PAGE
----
The term "biodegradable" has been used over the past few years, to describe plastics or packaging that could potentially be metabolized by microorganisms in nature, with complete breakdown to CO2/Methane, water and biomass. However, there is significant confusion and controversy surrounding biodegradable plastics since many suppliers have used the term to loosely describe their material/packaging without specifying the conditions under which the material would degrade in nature. For instance, some plastics (like PLA) will only degrade under industrial composting conditions, while some others (like PHA) can break down under a wider range of conditions and environments (industrial, backyard, marine). Given this widespread confusion and the misuse of the "biodegradable" term, many global government and industry organizations have issued guidelines to restrict or eliminate the unqualified use of biodegradable as a descriptor of plastics or packaging. These include the European Commission guidelines (European Plastics Strategy) and the Federal Trade Commission Green Guides in the US.
In line with such guidelines, Ubuntoo's recommends that companies providing biodegradable materials, products or packaging:
1.Avoid unqualified use of the term "biodegradable" to describe their products
2.Any claim of biodegradability should be accompanied by a description of specific conditions and environments under which the material or product will undergo degradation in nature
3.It is strongly recommended that companies provide globally accepted certifications or testing for various biodegradability claims (such as the BPA certification for industrial composting)
Further in line with the position articulated by the European Commission as well as major CPG companies, Ubuntoo recommends that "biodegradable" plastics should not be considered a solution for littering (or worse a license to litter). Appropriate collection and end-of-life solutions (such as industrial composting or home composting) need to be put into place to avoid biodegradable plastics ending up as litter in the environment.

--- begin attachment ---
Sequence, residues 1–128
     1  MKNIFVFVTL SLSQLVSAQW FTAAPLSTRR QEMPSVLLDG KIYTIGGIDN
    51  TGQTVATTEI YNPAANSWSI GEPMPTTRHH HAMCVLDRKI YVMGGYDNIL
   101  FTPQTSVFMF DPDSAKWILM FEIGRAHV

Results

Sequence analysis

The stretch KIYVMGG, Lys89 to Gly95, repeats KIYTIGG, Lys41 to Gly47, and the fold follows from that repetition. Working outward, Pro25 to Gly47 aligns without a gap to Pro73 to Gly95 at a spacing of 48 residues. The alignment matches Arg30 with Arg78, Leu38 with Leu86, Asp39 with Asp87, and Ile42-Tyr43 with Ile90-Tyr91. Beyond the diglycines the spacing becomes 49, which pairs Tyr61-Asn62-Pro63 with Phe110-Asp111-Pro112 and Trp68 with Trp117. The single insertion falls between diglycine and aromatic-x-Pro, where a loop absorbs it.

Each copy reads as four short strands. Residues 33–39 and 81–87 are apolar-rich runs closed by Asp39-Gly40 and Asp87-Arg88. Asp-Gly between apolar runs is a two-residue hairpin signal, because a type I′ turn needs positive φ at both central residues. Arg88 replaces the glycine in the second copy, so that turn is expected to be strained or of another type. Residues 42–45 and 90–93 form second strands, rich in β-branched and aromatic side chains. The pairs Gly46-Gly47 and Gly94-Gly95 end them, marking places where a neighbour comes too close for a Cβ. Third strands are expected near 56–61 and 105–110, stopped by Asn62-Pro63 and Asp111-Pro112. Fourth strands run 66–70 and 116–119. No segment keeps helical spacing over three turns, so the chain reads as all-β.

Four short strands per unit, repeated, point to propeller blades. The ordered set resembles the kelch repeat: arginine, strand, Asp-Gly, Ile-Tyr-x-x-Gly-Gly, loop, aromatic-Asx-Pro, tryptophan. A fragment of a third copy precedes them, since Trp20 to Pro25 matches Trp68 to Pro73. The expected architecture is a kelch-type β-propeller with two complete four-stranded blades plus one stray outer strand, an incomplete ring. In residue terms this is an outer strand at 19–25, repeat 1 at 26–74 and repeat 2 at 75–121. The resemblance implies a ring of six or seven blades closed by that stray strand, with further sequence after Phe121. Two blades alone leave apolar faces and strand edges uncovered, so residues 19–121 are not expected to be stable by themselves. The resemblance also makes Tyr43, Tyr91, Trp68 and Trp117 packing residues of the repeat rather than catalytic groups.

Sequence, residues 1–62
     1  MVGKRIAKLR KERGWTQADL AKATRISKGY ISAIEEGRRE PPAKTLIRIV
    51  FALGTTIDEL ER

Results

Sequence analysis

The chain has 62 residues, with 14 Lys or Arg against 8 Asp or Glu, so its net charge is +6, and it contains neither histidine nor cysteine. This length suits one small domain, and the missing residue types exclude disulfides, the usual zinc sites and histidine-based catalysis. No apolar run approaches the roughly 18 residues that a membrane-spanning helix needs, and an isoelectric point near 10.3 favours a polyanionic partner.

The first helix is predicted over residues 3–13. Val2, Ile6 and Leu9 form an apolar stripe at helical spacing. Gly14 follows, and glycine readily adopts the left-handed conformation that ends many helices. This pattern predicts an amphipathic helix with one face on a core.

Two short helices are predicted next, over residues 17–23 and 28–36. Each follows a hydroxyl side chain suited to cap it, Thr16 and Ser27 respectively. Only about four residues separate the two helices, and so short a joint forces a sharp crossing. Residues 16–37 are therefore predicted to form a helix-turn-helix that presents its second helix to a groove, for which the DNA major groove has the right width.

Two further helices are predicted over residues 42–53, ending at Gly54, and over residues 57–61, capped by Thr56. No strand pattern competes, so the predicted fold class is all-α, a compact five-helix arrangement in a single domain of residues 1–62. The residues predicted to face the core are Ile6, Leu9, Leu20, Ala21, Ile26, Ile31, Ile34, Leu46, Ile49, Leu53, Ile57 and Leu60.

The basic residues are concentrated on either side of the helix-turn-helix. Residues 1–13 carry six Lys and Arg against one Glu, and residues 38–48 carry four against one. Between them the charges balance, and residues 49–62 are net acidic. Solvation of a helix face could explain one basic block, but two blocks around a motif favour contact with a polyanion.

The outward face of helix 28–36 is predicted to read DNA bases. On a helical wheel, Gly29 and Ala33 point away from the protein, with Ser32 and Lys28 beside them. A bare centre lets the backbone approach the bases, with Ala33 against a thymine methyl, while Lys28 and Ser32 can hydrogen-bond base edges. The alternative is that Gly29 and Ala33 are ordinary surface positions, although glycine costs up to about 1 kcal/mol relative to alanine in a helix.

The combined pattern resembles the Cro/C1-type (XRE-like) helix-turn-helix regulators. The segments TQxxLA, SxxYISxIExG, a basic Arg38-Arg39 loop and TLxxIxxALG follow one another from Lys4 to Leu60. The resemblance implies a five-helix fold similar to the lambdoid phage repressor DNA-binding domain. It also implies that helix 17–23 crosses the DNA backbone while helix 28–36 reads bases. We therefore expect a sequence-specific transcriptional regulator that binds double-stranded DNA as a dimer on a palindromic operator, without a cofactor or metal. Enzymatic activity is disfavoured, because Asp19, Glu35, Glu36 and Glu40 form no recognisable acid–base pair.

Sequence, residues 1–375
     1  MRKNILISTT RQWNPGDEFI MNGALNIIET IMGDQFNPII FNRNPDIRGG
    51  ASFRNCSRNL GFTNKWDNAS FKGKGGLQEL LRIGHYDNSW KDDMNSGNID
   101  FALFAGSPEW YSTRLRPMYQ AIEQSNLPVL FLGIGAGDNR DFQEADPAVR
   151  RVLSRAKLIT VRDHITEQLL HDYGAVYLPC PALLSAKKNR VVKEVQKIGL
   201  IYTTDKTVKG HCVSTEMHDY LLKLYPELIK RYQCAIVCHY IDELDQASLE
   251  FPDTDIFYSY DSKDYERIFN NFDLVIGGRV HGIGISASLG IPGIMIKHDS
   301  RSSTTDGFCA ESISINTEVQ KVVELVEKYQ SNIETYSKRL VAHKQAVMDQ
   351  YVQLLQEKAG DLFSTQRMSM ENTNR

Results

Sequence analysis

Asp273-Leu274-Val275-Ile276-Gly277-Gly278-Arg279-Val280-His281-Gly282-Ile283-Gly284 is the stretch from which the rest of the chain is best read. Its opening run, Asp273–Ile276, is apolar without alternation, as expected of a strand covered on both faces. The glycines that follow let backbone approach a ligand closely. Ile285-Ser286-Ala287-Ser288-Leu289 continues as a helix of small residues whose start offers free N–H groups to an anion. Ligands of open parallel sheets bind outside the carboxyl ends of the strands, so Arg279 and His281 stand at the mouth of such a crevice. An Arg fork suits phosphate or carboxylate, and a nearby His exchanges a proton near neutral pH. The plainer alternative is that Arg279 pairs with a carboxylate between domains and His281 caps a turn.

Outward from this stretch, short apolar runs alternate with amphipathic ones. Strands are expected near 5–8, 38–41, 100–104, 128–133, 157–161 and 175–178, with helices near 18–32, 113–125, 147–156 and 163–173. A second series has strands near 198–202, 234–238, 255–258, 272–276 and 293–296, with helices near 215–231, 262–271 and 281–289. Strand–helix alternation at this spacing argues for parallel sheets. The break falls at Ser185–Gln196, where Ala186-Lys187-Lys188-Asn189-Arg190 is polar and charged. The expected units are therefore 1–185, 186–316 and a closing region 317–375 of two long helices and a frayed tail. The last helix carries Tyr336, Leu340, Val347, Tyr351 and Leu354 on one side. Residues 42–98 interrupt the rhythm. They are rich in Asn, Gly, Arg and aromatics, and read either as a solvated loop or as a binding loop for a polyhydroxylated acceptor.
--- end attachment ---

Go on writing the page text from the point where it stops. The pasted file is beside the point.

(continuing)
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#LongLiveTheLunchbox is a voluntary scheme related to the food-to-go business and is currently open to new outlets, with Global Action Planurging potential partners of any size and in any UK location to sign up.
The scheme under pilot launched by the NGO involves so far more than 100 food and drink outlets across England. Businesses in three major cities – London, Brighton and Oxford – as well as smaller towns and villages in Sussex and the North East, have signed up.
Participating businesses are required to display pink “we accept your containers here" stickers in their windows and to list themselves on Global Action Plan’s interactive digital map, which uses GPS to tell users where their nearest participating outlet is.
In order to incentivize container reuse, some businesses taking part have committed to offering a 10% discount or extra loyalty card stamp to those who bring their own lunchbox.
The campaign's communication for the scheme is exclusively done through Instagram, with posting of images and videos bringing the scale of the plastic waste problem to life.
Through this campaign, the NGO hopes to inspire people to change their consumption behavior, say no to single-use plastic when possible and start bringing their own lunchboxes when grabbing lunch on the go. “It's exciting to see the enthusiasm from cafes and customers already.” said Global Action Plan youth panel member Annie Pigeon to Edie.net.
Global Action Plan is working to enable people to live in ways that are better for them and the planet. With the help of innovative companies and founders they support people to demand and drive a happier, healthier future for themselves and the planet.